Italy’s anti-establishment 5-Star Movement, the largest party in parliament after this month’s election, should try to form a government with its far-right rivals the League, two of its senior politicians said on Tuesday.
The election produced a hung parliament and 5-Star has said it is willing to talk to all parties in parliament to try to form a government. However, the parliamentarians told Reuters they believed the only realistic hope of a coalition was with the League.
While many obstacles lie in the way of such an alliance, if a deal were to be struck it would likely cause concern in Brussels and among investors, due to both parties’ hostility to EU rules on areas including budgets, trade and immigration.
The League has claimed the right to name the prime minister because it is the leading party in a centre-right bloc that won the most seats in parliament. Its leader, Matteo Salvini, said on Monday he was ready to talk to 5-Star about a coalition.
“Salvini is doing everything right and there are plenty of policies we can agree on,” said a prominent 5-Star senator.
Both lawmakers who spoke to Reuters said they were encouraged by a change of stance from Salvini this week, who showed a willingness to consider income support for the poor, which is 5-Star’s flagship policy.
Both asked not to be named because of the delicate state of negotiations on trying to put together a ruling coalition.
They dismissed the view expressed by some commentators that 5-Star’s voters, who come mainly from the south, would be hostile to a deal with the League because its power base is in the rich north.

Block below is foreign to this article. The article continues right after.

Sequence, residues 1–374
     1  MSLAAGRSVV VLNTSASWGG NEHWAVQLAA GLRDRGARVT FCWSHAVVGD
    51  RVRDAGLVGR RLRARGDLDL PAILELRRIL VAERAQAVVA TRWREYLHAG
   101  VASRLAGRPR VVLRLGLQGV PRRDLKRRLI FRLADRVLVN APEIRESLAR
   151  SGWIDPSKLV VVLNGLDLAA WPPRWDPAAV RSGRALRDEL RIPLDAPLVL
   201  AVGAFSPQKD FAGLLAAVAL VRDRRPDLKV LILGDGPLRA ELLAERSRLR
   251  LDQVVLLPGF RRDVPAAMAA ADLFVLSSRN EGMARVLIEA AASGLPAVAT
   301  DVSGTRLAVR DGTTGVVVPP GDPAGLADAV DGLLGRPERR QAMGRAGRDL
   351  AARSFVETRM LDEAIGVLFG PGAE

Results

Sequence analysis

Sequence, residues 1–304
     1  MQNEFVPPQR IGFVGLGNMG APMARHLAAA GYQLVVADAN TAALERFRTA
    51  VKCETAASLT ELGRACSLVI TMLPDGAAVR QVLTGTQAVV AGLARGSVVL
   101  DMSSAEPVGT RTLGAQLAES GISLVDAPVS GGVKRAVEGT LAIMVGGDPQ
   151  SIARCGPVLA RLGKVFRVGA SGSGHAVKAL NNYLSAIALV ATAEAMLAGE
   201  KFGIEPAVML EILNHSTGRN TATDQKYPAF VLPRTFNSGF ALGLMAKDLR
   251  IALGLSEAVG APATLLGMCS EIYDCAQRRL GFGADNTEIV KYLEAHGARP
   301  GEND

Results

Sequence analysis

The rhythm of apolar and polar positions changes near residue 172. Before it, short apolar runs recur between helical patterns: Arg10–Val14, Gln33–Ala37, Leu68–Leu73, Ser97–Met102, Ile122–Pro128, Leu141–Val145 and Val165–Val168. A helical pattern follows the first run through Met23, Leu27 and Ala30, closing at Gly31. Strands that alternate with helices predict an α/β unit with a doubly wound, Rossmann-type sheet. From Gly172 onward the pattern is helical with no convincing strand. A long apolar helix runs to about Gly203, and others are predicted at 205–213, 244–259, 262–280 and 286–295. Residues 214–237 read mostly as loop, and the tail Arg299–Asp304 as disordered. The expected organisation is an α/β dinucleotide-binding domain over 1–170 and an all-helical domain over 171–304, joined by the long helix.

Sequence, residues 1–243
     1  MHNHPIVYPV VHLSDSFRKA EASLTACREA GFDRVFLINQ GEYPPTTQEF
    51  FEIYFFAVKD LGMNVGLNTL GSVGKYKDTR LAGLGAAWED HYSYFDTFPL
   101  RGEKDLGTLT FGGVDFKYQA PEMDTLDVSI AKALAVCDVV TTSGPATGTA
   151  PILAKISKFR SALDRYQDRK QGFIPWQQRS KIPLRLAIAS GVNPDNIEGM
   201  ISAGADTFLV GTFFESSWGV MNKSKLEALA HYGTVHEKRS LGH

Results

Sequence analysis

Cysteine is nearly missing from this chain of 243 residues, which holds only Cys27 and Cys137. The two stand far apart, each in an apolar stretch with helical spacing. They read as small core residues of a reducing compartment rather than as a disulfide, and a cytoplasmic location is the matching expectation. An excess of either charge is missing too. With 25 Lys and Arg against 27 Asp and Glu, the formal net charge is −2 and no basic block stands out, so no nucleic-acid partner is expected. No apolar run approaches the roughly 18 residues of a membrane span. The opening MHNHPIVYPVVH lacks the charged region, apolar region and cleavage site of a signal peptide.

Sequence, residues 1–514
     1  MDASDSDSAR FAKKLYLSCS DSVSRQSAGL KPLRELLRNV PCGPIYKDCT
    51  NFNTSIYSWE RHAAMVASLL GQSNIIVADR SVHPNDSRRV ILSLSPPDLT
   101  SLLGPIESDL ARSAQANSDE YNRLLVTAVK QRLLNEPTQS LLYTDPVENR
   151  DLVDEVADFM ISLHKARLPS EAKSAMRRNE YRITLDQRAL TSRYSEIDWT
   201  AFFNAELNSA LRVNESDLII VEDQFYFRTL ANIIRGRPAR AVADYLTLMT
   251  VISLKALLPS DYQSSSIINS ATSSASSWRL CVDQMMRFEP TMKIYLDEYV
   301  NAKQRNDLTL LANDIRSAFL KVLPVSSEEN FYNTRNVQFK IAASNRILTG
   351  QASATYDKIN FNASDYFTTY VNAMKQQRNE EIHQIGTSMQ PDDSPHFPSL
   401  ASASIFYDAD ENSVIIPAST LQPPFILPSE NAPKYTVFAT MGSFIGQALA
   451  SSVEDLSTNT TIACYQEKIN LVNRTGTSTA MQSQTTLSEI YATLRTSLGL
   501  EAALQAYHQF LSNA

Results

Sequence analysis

“Salvini has changed the League’s identity, and he was elected in a southern seat himself,” one said. “In any case, we are strongest in the south and we would guarantee the right policies for the south,” the parliamentarian added.
“What our voters want most is that we should be in government,” said the other. Both lawmakers were elected in the south.
5-Star won 33 per cent of the vote in the election, compared with 17 per cent for the League and 37 per cent for the centre-right bloc as a whole, which includes former prime minister Silvio Berlusconi’s Forza Italia (Go Italy!) and the right-wing Brothers of Italy.
The parties voted together on Saturday to elect the speakers of the two houses of parliament, and Salvini and 5-Star leader Luigi Di Maio then praised each other for sticking to their word and proving their trustworthiness.
Despite this, there are still some major sticking points in the way of them hooking up, not least of which is Berlusconi’s presence in the centre-right coalition.
5-Star, which bases its appeal on a pledge to clean up politics, is fiercely hostile to the four-times prime minister, who has a conviction for tax fraud and is on trial in another case for allegedly bribing witnesses.
“I would not find it acceptable for us to have a role in any government which includes Forza Italia,” one of the lawmakers said. Salvini has vowed not to abandon his allies, saying such a shift would betray voters who backed the bloc at the ballot box.
Another obstacle is who should become prime minister.
Salvini said on Monday he was ready to drop his claim if necessary, but he had previously said the candidate should in any case come from the centre-right, and it is far from clear that he would be willing to accept Di Maio.
5-Star appears less flexible, with one of its leading officials saying on Tuesday it would only take part in a government led by Di Maio.
“Italians voted with enthusiasm and so there needs to be a response to that, and we say that response can only be Luigi Di Maio as prime minister,” lower house deputy Alfonso Bonafede, one of Di Maio’s closest aides, said in a radio interview.